Did anyone else notice that, last night, a minor revolution took place?
You might have been napping when it happened, right in the midst of one of the most boring Oscars® telecasts ever. It’s like they took the opportunity of it being the 80th anniversary to give the viewers not-very-inspired, short-attention-span montages of the history of every single award. Because .5 seconds of Grand Hotel is so edifying.
Not that I’m blaming Jon Stewart. He was actually a really good host. Sure, I’m bummed that he didn’t have enough time with his fresh-off-the-picket-line writers to put together a mildly hilarious taped opening like he did in 2006, but after sitting through four years of Whoopi channeling Bruce Vilanch, one must be thankful for small favors. What I liked about Jon Stewart is that, besides skewering the industry in ways small enough that they usually don’t notice, he actually went to the trouble to acknowledge when nice moments happened, and he did it in a way that was snark-free without seeming phony. I like that guy.
And last night, he even made a nice moment happen when he brought out Marketa Irglova from Once to give her acceptance speech for Best Song, which was completely cut off earlier by the “shut up” music. It was a memorable moment, and one which I don’t think has ever happened before, and it brought a nice finish to what I hope will be a revolution in the goddamn awful Best Song category.
Because last night, 3 songs were nominated from that piece of Disney shit Enchanted. Three songs! And they were each pukier and more saccharine than the one before. And the staging of each was more painfully over the top than the one before. It was like High School Musical, only re-cast with the dancers from the old Carol Burnett Show. Seriously. I haven’t felt so nauseous since the Rob Lowe/Snow White debacle.
And then, Marketa, and her co-star/co-writer Glen Hansard came out and sang that really beautiful little song from their cheap-ass quirky little movie, and it was nice. It was really nice. And when they finished, the audience went nuts. The deafening applause seemed to me to be saying “No more Disney, please! We like that nice adult song! In the future, Academy voters, we wish to express our approval of songs of sophisticated construct and nuanced meaning!” And then the nice song won, and it was as if everyone in the audience felt vindicated.
Like I said, I hope the Academy notices that they just got served a nice hot steaming plate of WE HATE YOU, buuuuuuuuut, this is the same organization who thought it would be a good idea to stage a flamenco interpretation of the score for Saving Private Ryan.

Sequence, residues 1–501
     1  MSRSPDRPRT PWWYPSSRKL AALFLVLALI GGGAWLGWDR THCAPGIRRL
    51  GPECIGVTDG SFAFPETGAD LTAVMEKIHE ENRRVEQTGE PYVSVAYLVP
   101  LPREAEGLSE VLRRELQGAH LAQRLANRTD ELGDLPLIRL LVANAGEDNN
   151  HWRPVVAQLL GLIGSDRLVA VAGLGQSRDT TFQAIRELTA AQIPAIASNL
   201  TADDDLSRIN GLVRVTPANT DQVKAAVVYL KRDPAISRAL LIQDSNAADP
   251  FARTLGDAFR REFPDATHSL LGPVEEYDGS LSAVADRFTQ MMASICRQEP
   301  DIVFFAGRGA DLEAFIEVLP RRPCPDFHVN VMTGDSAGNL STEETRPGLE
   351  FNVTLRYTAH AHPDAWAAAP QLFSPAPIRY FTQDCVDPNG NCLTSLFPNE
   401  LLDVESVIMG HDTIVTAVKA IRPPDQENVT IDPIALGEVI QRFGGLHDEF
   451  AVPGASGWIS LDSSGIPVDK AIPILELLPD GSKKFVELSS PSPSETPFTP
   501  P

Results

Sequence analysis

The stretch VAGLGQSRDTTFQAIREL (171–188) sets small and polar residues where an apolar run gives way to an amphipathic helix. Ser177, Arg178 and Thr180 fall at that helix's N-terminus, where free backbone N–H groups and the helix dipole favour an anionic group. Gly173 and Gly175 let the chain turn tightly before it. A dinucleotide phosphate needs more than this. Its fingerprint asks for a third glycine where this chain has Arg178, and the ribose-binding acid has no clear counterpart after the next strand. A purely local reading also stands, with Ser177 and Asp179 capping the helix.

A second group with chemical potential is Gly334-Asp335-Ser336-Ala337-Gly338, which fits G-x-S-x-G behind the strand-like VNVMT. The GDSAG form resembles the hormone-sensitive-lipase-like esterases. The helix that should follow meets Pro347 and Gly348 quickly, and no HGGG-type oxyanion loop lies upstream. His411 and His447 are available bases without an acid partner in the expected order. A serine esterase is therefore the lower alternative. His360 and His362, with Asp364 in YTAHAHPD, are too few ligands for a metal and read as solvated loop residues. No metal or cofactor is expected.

So I’m not getting my hopes up.
By the way, what did Jennifer Hudson do to piss off the Hollywood gays? Because I don't know how else to explain how an Oscar®-winning actress consistently gets such bad styling advice:
Attack of the big white uniboob.
Ummm, what else? I have to say that the Best Actress award pissed me off. First of all, because it’s always announced before the Best Actor award, because it’s, well, not as important, of course. Secondly, that French chick won over Julie Christie, but that’s because she was playing Edith Piaf, and we know that the fastest way to the heart of an Academy voter is to star in a biopic. They only thing better, Oscar®-wise, than starring in a biopic, is starring in a biopic about a singer!
Except when you’re a woman, and the singer is a man. Then you’re going to lose that Oscar® to some weird cold androgynous chick playing a cold androgynous corporate lawyer.
Speaking of whom, hey, Tilda, would it be too much to ask if you just put on a tiny bit of makeup? Just every now and then. When you are going to be on a television show that billions of people watch, for instance, would be a good time to slap on a little rouge and maybe some lipstick.
Also, the Spanish Inquisition called. They want their robe back.
And as long as I’m unloading on the bad taste of the Academy members, I have to say that I really fucking hate Daniel Day Lewis. I just hate him. I thought he overacted in My Left Foot, I thought he stunk up The Age of Innocence (not that that was hard), and in Gangs of New York, I thought he chewed up the scenery, spit it out, stomped on it, and then chewed it up again and shat it out in the shape of an Oscar®! The only reason the Academy didn’t bestow upon their darling Daniel his second award for that movie was because Adrien Brody played the holocaust card. Well, so now he’s got that second award for his performance in P.T. Anderson’s There Will Be Blood, and when he accepted it last night, he said, referring to the statuette in his hand, “it seems to me that this sprang like a golden sapling out of the mad, beautiful head of Paul Thomas Anderson.”
See what I mean? Hate him.
Hankering for some year-old snark? Check out last year’s Oscar® review.
Not enough? How about some crusty two-year old whinings?